We now detail the state-triggered constraints and their continuous formulation. State-triggered constraints
(STCs) were introduced in28 and represent constraints that are enforced only when a state-dependent crite-
rion is met. When formulated using the continuous variables of an optimization problem, these constraints
model an if-statement conditioned on the solution variables that they are constraining. In a trajectory gener-
ation problem, optimal solutions are thus obtained with a simultaneous understanding of how the constraint
aﬀects the solution, and of how the solution enables or disables the constraint.
An STC is composed of two functions, the trigger function and the constraint function. Using zRnzto
denote an arbitrary solution vector, we denote these by g:RnzRand c:RnzR, respectively. Vector-
valued trigger and constraint functions are addressed in.38 The constraint function is to be conditionally
enforced based on the value of the trigger function, and thus we formally deﬁne the STC to be
g(z)<0c(z)0.(36)
We refer to g(z)<0 as the trigger condition and c(z)0 as the constraint condition. If the trigger function
is non-negative, then the optimization variable zis not subject to the constraint condition. If however, the
trigger function becomes strictly negative (i.e., becomes active), then the state is subject to the constraint
condition. The feasible region in the g(z)-c(z) space is depicted in the bottom two axes of Figure 2.
1. Continuous Formulation
In order to incorporate constraints of the form (36) into a continuous optimization problem, they must be
represented using continuous variables. To do so, we introduce the auxiliary variable σR++ and the
following system of equations
σ0,(37a)
g(z) + σ0,(37b)
σc(z)0.(37c)
The idea is to represent the (binary) logical implication in (36) as the outcome of this system of equations
in continuous variables. The equations in (37) are such that when the trigger condition is satisﬁed, (37b)
and (37a) imply that σ > 0. It follows then that (37c) holds if and only if constraint condition is met.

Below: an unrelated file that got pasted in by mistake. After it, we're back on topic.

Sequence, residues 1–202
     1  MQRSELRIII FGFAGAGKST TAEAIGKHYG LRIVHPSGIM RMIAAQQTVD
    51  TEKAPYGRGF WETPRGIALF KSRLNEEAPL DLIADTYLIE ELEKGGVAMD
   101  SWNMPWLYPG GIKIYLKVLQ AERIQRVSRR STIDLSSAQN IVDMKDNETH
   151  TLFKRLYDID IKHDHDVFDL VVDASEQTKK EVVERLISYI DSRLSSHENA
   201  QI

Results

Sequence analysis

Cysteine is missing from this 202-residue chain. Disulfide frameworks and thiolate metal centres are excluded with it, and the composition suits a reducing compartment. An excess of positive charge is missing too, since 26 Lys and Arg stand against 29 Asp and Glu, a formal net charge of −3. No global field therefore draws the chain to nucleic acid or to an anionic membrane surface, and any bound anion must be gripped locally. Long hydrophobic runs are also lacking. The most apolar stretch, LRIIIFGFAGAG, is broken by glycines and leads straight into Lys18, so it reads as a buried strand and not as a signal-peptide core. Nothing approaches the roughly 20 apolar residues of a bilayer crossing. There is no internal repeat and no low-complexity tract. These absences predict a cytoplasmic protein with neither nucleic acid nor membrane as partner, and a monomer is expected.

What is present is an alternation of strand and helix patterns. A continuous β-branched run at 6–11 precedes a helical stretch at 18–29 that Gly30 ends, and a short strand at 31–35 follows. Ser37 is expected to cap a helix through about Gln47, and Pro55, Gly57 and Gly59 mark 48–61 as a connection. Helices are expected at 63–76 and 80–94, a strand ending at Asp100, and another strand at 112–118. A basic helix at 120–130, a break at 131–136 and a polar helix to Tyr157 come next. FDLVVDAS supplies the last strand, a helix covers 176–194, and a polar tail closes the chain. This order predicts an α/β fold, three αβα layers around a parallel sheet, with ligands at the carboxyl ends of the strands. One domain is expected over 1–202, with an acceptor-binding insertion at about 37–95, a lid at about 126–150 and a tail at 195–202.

Therefore (37) is logically equivalent to (36). We refer to this continuous formulation as continuous state-
triggered constraints (cSTCs).
The formulation in (37) does not, however, admit a unique solution for σ. As illustrated in Figure 2, when
g(z)<0, the auxiliary variable satisﬁes σ[g(z),). Moreover, when the trigger condition is not met, σ
is free to be any non-negative number, including a non-zero value that enforces the constraint condition. We
have found that this ambiguity can both inadvertently constrain the solution variables and cause numerical
issues during solutions due to the unboundedness of the slack variable.
To alleviate these problems, we introduce an altered set of constraints motivated by the linear complemen-
tarity problem (LCP).39 The new set of constraints form a complementarity condition between the left-hand
sides of (37b) and (37a), and results in
0σg(z) + σ0,(38a)
σc(z)0,(38b)
where the notation in (38a) represents the trio of constraints σ0, g(z) + σ0 and s·g(z) + σ= 0.
For a given z, (38a) deﬁnes an LCP in σ, and we refer to this formulation as the projected continuous
state-triggered constraints (Projected cSTCs). This problem has a unique solution that varies continuously
as a function of z,39 and can be solved for analytically as
σ:=min(g(z),0).(39)
Substituting σinto (38) guarantees the satisfaction of (38a), and thus we may remove it from the for-
mulation. The result is that (38b) becomes a single, logically equivalent, constraint to (36) that uses only
continuous variables. We deﬁne the constraint (38b) with σto be
h(z):=min(g(z),0) ·c(z)0.(40)
9 of 16
American Institute of Aeronautics and Astronautics
Downloaded by UNIVERSITY OF WASHINGTON on January 9, 2019 | http://arc.aiaa.org | DOI: 10.2514/6.2019-0924